In this interview, PES Group member Marko Vešligaj, Mayor of the city of Pregrada (Croatia) and European Committee of the Regions rapporteur on the EU disability card and parking card for persons with disabilities, highlights the essential roles local and regional authorities play in the implementation the European Disability Card (EDC) and the European Parking Card (EPC) . The contribution is part of our #SocialEurope campaign, which showcases how progressive cities and regions are championing social progress, both through their inspiring vision and concrete action.
What are the key points of the Proposal for directive establishing the European Disability Card (EDC) and European Parking Card (EPC) concerning the local and regional level?
After years of campaigning by people with disabilities, the European Disability Card (EDC) and the European Parking Card (EPC) are two cards that make the European promise of mobility through the Union more accessible to people with disabilities. The local and regional authorities responsible for issuing and renewing both cards have a key role to play in ensuring swift implementation and thus better accessibility and inclusion for people with disabilities. To this end, we rely above all on our local and regional authorities as multipliers, who will contribute to the local visibility and awareness of this milestone among people with and without disabilities.
Which could be the main challenges associated with implementation of the Directive at local and regional levels, and what strategies could be effectively utilised to address these challenges?
To ensure the successful implementation of EDC and EPC, two principles must be followed: Firstly, neither the target group of people with disabilities nor the local and regional authorities must be confronted with additional financial burdens that could hinder swift implementation. Secondly, technical and material support is required above all to sensitize employees of local and regional authorities to the switch to both cards and to allow the authorities to communicate the information barrier-free through their channels. This is another reason why it is particularly important to us that the realities and experiences of both people with disabilities and the local and regional authorities are taken into greater consideration when reflecting on the subsequent implementation and the identification of possible improvements.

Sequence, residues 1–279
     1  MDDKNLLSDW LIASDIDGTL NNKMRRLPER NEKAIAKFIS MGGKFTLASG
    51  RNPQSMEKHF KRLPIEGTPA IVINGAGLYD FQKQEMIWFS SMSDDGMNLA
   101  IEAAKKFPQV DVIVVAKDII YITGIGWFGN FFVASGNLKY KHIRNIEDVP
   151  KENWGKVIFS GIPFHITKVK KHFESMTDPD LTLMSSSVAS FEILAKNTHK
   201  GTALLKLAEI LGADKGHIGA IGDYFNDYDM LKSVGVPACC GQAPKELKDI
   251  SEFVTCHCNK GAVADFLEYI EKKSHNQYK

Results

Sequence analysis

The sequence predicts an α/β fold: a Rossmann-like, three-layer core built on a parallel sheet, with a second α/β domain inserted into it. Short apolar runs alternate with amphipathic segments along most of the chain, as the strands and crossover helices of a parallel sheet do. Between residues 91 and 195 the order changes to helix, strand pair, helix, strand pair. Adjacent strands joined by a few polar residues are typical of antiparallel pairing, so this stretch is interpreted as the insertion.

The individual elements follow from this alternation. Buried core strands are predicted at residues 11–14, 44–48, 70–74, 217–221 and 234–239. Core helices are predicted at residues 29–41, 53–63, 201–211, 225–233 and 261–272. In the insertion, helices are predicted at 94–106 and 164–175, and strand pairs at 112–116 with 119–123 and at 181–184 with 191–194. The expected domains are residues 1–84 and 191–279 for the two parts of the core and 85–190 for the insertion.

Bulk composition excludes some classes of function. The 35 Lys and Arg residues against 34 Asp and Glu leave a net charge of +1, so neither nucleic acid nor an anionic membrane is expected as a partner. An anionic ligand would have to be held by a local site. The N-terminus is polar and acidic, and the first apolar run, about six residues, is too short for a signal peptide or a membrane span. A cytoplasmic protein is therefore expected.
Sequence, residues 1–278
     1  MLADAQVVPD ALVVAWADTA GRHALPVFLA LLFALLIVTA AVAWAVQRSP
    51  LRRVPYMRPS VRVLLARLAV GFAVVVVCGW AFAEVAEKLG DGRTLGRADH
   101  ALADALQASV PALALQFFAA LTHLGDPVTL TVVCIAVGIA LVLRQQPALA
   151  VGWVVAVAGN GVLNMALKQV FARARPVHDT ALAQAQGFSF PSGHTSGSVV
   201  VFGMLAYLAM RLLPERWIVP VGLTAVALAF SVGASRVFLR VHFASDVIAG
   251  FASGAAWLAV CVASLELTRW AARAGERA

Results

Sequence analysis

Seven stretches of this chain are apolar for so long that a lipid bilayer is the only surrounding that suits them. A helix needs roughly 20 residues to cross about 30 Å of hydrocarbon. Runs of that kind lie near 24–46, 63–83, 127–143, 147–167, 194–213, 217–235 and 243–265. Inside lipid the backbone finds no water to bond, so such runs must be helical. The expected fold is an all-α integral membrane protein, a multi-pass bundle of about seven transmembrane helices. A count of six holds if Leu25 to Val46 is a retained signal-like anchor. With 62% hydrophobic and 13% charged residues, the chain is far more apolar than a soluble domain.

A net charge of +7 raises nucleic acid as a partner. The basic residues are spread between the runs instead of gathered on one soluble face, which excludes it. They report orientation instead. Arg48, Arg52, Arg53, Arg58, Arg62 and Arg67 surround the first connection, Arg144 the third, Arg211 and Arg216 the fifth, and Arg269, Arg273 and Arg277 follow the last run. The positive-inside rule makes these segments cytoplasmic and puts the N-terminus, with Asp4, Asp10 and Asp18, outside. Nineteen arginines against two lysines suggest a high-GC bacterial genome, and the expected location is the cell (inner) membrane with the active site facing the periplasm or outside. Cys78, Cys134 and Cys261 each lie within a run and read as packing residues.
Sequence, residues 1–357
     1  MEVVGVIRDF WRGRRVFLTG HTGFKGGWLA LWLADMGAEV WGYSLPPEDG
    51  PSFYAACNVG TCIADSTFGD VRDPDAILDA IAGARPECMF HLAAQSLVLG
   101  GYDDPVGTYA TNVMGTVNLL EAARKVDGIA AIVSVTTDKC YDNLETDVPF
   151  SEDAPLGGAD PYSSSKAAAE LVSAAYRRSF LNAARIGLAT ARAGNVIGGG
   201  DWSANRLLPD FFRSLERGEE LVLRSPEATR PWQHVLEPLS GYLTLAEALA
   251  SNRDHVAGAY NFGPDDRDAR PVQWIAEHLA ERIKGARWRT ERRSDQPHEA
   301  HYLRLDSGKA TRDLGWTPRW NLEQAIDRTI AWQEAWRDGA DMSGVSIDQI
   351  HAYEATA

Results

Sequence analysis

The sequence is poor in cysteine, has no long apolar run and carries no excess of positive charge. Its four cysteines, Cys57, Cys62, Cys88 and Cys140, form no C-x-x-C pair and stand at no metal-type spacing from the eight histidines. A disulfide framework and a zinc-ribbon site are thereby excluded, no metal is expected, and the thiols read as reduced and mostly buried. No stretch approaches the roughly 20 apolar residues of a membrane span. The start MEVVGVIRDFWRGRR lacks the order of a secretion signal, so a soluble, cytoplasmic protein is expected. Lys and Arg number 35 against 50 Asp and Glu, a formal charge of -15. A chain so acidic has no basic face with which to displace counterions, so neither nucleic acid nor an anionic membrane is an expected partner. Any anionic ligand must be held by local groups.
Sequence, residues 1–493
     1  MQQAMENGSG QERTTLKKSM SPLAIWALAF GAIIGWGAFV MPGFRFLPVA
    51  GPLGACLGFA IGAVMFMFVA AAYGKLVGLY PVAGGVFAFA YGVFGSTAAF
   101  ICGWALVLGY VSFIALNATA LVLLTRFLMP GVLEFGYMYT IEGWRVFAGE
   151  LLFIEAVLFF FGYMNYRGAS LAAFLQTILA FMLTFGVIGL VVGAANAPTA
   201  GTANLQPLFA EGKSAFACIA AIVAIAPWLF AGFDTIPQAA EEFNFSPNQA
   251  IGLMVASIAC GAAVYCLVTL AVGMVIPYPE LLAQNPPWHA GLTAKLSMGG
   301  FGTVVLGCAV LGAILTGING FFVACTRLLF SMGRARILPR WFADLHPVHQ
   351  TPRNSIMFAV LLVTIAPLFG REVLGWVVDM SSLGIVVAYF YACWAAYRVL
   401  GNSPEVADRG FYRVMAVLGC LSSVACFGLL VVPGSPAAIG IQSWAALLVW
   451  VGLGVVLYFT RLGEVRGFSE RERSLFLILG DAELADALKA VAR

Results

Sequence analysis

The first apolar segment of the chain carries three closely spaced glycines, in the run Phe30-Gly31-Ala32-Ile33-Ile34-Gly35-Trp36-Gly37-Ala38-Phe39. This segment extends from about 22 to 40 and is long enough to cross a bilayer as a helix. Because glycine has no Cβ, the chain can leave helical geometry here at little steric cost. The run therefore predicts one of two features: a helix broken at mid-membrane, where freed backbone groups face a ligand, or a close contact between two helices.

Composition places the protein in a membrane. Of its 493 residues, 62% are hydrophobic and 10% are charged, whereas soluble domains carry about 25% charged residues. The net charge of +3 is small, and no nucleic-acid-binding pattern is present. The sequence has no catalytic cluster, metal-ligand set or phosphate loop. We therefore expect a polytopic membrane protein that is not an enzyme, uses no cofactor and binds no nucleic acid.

Given the significant percentage of the EU population with some form of disability, how can young leaders in local communities contribute to promoting barrier-free communication and ensuring that the needs of young people with disabilities are addressed effectively?
Young people and individuals with disabilities both face the struggle that their perspectives are often not represented or heard in public policy and opinion-shaping. At this point, I see a particular challenge but also an opportunity for our young leaders in local communities to use the introduction of both cards as a reason to seek closer collaboration at the local and regional levels with people with disabilities and to increase their involvement. We must not forget that our young leaders serve as role models, showcasing improved access and visibility within their age group. In doing so, they can significantly contribute to societal awareness that we all share the responsibility to create an inclusive society.
This interview was originally done in the framework of the CoR Young Elected Politician Programme.
© Photo credits: Unsplash / Jakub Pabis